Your cat will adapt well to kids and other pets, making it a good family pet.
This is one pet that loves affection.
What’s more, Kurilian Bobtails are very inquisitive, highly intelligent, and clever.
Their athletic abilities complement these features. It’s not surprising to see your pet jump to great heights to take the highest available spot for surveying their domain.
If you’ve ever wanted your kitten to remain a kitten forever, the Toybob is your best bet.
This breed is a small and cuddly cat that still looks like a kitten even when fully grown.
The Cat Fanciers’ Association states that the Toybob originated from Russia in 1983.
This is one of the smallest cat breeds. And it isn’t a miniature version of a larger breed.
Instead, it’s a naturally diminutive cat.
Apart from the small size, another unique feature it has is a kinked bobbed tail.
Fortunately, the bobbed tail isn’t a sign of impaired agility or poor health of the cat.
Toybobs come in many colors too. It can have either a short or semi-long coat, which further complements its cuddly size.
That’s one reason for its popularity as a companion pet. Toybobs have a perky, charming, and playful personality.
They are not as active or vocal as high-energy breeds. These sweet tiny kitties are content with being a lap cat.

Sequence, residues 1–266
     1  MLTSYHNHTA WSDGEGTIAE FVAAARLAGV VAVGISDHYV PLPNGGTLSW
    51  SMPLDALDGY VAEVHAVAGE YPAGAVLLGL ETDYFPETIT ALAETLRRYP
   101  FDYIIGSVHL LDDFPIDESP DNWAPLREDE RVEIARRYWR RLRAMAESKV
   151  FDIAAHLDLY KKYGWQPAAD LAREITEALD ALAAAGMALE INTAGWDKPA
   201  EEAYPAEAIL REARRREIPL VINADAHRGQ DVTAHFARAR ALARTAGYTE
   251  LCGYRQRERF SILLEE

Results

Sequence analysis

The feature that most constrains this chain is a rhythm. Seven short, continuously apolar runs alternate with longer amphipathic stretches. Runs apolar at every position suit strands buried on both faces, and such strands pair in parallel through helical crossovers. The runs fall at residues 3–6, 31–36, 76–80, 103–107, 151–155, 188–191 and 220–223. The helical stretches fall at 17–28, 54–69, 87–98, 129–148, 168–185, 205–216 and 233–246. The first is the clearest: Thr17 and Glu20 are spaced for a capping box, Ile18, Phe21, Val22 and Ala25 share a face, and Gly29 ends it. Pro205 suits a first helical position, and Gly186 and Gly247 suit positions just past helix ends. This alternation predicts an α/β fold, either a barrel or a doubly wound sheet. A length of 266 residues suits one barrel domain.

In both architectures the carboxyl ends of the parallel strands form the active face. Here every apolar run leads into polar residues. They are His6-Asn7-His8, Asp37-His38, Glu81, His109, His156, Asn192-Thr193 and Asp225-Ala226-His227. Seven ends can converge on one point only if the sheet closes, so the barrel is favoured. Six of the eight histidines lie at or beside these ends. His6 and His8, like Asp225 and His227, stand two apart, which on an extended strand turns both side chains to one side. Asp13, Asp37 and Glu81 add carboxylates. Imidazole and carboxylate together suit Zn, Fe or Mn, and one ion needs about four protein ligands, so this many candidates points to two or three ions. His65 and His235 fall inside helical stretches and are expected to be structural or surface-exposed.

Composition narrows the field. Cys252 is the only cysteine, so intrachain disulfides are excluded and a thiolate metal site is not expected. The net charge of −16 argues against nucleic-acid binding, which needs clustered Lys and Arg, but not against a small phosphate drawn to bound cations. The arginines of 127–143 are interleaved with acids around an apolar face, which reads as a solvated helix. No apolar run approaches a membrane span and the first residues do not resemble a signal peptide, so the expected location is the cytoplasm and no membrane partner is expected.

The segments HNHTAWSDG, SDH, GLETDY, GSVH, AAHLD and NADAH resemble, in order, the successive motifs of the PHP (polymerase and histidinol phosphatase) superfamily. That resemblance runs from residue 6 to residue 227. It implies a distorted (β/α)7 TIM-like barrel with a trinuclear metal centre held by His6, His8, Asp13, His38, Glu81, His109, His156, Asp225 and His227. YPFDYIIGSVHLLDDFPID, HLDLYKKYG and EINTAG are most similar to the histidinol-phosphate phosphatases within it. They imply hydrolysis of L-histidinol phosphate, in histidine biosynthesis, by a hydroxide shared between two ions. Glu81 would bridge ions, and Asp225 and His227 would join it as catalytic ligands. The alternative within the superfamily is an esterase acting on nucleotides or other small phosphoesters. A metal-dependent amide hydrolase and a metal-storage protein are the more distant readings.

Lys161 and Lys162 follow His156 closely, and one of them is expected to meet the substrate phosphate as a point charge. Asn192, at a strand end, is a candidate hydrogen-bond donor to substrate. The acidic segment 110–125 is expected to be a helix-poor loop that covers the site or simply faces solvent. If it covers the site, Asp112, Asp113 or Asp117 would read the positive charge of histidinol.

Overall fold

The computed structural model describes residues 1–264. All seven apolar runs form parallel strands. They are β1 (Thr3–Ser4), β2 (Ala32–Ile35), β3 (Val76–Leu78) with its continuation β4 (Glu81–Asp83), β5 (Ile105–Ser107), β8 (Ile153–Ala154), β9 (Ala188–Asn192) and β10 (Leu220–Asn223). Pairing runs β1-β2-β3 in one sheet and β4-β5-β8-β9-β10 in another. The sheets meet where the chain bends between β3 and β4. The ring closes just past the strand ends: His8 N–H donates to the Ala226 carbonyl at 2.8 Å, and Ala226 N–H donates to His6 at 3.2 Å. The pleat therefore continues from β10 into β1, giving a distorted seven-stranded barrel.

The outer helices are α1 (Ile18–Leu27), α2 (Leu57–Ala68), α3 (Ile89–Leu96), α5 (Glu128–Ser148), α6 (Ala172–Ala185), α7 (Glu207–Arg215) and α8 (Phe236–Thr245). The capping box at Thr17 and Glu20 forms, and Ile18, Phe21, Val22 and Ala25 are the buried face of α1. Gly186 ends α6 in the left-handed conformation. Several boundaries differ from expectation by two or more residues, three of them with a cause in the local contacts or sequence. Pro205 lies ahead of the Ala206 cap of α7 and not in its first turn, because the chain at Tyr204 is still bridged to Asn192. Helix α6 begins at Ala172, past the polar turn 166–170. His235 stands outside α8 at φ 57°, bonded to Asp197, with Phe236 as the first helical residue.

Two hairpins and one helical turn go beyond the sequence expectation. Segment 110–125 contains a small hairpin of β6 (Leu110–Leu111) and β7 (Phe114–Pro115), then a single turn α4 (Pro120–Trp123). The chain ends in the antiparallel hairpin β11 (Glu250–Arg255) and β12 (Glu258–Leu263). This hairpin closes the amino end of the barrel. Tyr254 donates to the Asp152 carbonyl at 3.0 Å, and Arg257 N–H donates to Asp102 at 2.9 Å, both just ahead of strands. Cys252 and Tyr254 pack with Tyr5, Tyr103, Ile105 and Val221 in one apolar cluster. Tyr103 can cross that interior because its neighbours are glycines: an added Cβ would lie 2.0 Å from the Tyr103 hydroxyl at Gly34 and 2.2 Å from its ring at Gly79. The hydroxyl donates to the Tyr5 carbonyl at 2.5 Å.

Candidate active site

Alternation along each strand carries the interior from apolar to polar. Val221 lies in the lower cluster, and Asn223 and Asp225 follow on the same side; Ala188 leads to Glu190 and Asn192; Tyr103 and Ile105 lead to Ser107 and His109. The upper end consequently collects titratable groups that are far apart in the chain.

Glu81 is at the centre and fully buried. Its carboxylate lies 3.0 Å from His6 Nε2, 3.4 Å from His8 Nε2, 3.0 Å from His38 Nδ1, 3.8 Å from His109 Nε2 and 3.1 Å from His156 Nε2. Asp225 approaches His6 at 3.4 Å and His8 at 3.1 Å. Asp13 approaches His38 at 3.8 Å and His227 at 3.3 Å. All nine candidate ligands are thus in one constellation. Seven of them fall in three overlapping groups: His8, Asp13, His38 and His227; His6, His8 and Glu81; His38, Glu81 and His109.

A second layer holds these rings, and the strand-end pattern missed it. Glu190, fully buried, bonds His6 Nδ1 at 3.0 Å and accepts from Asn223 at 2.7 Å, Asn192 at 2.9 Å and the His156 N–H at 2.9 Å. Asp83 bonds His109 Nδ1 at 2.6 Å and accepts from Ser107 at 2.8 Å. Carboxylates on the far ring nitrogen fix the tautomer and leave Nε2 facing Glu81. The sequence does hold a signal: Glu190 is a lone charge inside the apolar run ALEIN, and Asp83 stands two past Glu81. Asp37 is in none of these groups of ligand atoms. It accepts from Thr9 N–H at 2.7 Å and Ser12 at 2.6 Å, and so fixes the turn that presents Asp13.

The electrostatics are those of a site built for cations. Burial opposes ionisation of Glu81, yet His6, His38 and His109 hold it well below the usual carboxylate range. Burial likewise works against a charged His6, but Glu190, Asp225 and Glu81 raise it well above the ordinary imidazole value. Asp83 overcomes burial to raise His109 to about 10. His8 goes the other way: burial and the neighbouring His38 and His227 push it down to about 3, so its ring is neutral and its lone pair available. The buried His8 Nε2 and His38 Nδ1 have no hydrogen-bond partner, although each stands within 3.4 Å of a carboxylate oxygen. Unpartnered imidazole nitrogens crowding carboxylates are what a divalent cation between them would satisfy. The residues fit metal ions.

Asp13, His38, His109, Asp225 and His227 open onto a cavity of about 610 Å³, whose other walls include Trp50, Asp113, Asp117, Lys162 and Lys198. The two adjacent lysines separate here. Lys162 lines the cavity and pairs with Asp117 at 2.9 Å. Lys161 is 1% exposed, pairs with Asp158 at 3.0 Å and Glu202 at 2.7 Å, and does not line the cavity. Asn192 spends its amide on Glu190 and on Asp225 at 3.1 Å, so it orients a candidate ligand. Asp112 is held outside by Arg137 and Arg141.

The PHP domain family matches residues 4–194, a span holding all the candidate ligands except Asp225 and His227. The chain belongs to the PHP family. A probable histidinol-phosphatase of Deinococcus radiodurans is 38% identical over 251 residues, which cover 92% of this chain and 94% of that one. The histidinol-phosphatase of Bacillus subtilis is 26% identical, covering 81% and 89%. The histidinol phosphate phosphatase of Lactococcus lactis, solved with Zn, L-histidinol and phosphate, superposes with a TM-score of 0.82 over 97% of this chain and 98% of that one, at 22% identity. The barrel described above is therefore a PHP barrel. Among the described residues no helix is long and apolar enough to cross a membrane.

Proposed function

Don’t let the cat’s diminutive size deceive you. They are undoubtedly agile climbers and will perch high on top of furniture.
If you have soft pillows lying around, you’ll find your pet snuggling into them.
Being loving and social, they’ll gaze at you with soulful eyes inviting pampering and accepting it warmly.
The Siberian is a powerful and highly intelligent cat breed.
But they are also soft at heart and get along with everyone, including dogs. That’s why some people refer to them as gentle giants.
According to the ASPCA Pet Insurance, these cats originated from the dense Siberian forests some 1,000 years ago.
Some people even believe this breed is the ancestor of all modern longhair cats.
Although their early life is unknown, these cats were probably domesticated when they escaped the brutal Siberian cold and sought shelter in farms, shops, or monasteries.
In turn, people who welcomed the felines benefited by having fewer rodents indoors due to the cat’s hunting skills.
Siberian cats are also called Siberian Forest cats or Moscow Longhairs, reflecting their place of origin.
The cat is typically a medium to large breed with semi-long hair.
Females are only slightly smaller than males, which weigh 15 – 20 pounds (6.8 – 9 kg).
You’re sure to be entertained by this strong, alert, and adventurous feline.
The lustrous coats and round, curious eyes are also a sight to behold.
The cat has an easygoing personality.
That, combined with their relatively low maintenance, makes them perfect pets for active households with kids and other pets.
Siberians are well adapted to their surroundings due to their thick coats designed to protect them from the harsh Russian winters.
This makes them a landrace breed, which developed over time to adapt to the surroundings.
The Peterbald cat breed can be totally hairless or have a coat that feels like short plush velvet or a man’s bristly beard.